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08M dual software PWM

Generate a 500Hz dual channel PWM using a picaxe 08M
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3x08M_motor_driver_V2.2.bas5.59 KB

 

If you've ever tried to get speed control using a picaxe 08M connected to a L293D, like on the picaxe 08M motor driver board, the first thing you'd notice would be that the 08M has only one PWM output. As the robot I'm currently working on uses a picaxe 08M to drive the motors, I'd thought I'd give software PWM a shot. After a lot of reading, tweaking and frustration I finally got more or less what I wanted.

The result is a dual channel 500Hz PWM motor controller that can be used to drive the little GM10 motors at 100 speed steps. I know 500Hz isn't very impressive, but at least with the GM10 motors (that Frits! uses on his little 8) it works like a charm and I suspect lots of other small motors can be used with this setup.

To get a two channel PWM we need to use a loop that has as few statements in it as possible. No assignments, no IF..THEN statements, no calculations and no GOSUBs. This is important because all those statements take a long time in when you use a picaxe. According to the manual, the average time it takes to run one basic command is .... wait for it... 1 millisecond (or .5 mS at 8Mhz) which is amazing as the chip runs 1000 times as many assembly instructions per second.Of course, very simple instructions, like inc b0, will take much less than 1mS.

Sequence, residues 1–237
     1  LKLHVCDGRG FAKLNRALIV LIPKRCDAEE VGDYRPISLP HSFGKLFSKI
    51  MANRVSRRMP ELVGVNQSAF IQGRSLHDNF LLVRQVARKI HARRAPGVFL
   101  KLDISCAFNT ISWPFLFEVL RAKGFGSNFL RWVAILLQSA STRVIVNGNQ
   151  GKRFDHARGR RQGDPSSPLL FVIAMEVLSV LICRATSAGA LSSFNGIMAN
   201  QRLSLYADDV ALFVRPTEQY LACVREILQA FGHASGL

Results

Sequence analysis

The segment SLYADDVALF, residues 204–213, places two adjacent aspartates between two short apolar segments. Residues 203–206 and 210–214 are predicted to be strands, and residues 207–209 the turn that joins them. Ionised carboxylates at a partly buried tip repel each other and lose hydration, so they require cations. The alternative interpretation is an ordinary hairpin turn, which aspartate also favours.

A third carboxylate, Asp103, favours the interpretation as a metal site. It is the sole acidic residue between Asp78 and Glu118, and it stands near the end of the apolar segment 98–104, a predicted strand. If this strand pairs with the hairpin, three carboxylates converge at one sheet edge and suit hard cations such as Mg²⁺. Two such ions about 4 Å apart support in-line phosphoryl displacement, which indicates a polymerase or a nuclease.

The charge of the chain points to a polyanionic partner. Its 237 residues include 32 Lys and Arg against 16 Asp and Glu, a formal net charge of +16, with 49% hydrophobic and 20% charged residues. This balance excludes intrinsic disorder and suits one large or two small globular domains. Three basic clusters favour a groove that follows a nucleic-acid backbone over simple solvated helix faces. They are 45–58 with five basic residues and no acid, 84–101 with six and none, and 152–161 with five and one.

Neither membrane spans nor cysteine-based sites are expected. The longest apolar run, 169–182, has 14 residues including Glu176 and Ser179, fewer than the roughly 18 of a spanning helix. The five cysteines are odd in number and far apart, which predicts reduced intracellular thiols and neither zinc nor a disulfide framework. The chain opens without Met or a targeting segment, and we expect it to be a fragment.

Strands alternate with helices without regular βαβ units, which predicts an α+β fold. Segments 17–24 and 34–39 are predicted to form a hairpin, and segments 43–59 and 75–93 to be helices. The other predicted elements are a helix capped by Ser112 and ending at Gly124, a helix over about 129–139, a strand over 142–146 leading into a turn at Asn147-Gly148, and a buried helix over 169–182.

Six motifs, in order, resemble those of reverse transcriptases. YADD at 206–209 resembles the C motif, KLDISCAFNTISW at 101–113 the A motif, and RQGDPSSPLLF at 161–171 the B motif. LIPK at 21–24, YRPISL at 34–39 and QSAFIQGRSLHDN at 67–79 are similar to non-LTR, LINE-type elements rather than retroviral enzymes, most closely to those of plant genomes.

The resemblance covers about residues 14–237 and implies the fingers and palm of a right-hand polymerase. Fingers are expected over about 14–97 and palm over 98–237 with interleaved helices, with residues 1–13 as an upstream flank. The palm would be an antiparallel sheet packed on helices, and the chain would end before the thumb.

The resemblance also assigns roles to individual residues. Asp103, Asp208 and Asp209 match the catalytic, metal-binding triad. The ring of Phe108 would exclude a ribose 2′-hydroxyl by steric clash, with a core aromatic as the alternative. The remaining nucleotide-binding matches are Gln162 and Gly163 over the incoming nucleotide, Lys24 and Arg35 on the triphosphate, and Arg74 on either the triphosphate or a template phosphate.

The first half of the loop we control the left motor pwm and the second half is used for the other motor. In the attached code, pins 1 and 4 are used for the left motor. We pulse pin 1 (power pin) on and off to get the PWM output and pin 4 (direction pin) is used to determine which way the motor should spin. 3x08M_Loopdiagram.jpg

To get 90% PWM for the left motor, pin 1 should be high 90% of the full loop.

This means we leave the power pin high 80% of the left motor half of looptime and 100% of the right motor looptime.

The loop starts with pin 1 high and pin 4 low, spinning the motor. The pulsout command is used on the power pin(switch-time) Note that using pulsout on an output pin that is high, will actually pull the pin low. In this case for 20% of this loop-half

Now the program needs to pause for the rest of this half of the loop. Because the smallest pause at 8Mhz is .5mS, we'll use pulsout to get more accuracy. We toggle the power pin, making it low if it was high and vice versa, and then use pulsout again: this time the pulsout will put the pin in the orginal position for the duration we want. This effectively pauses the original pin positions for the duration of the pulse. (nap time)

To make sure the power pin stays in the original position for the remainder of the loop, it is toggled again at the end of this loop half. The other half of the full loop is used in the same way for the right motor.

To get a 40% PWM, the power-pin is toggled (turning the motor off) before the loop starts and the switch-time and nap-time are swapped. Now the right-motor half of the full loop (red bar in the diagram), the left motor is off. When the power-pin is pulsed during switch-time, instead of turning the motor off, it will turn the motor on for 80% of this loop half.

3x08M_Loopdiagram2.jpg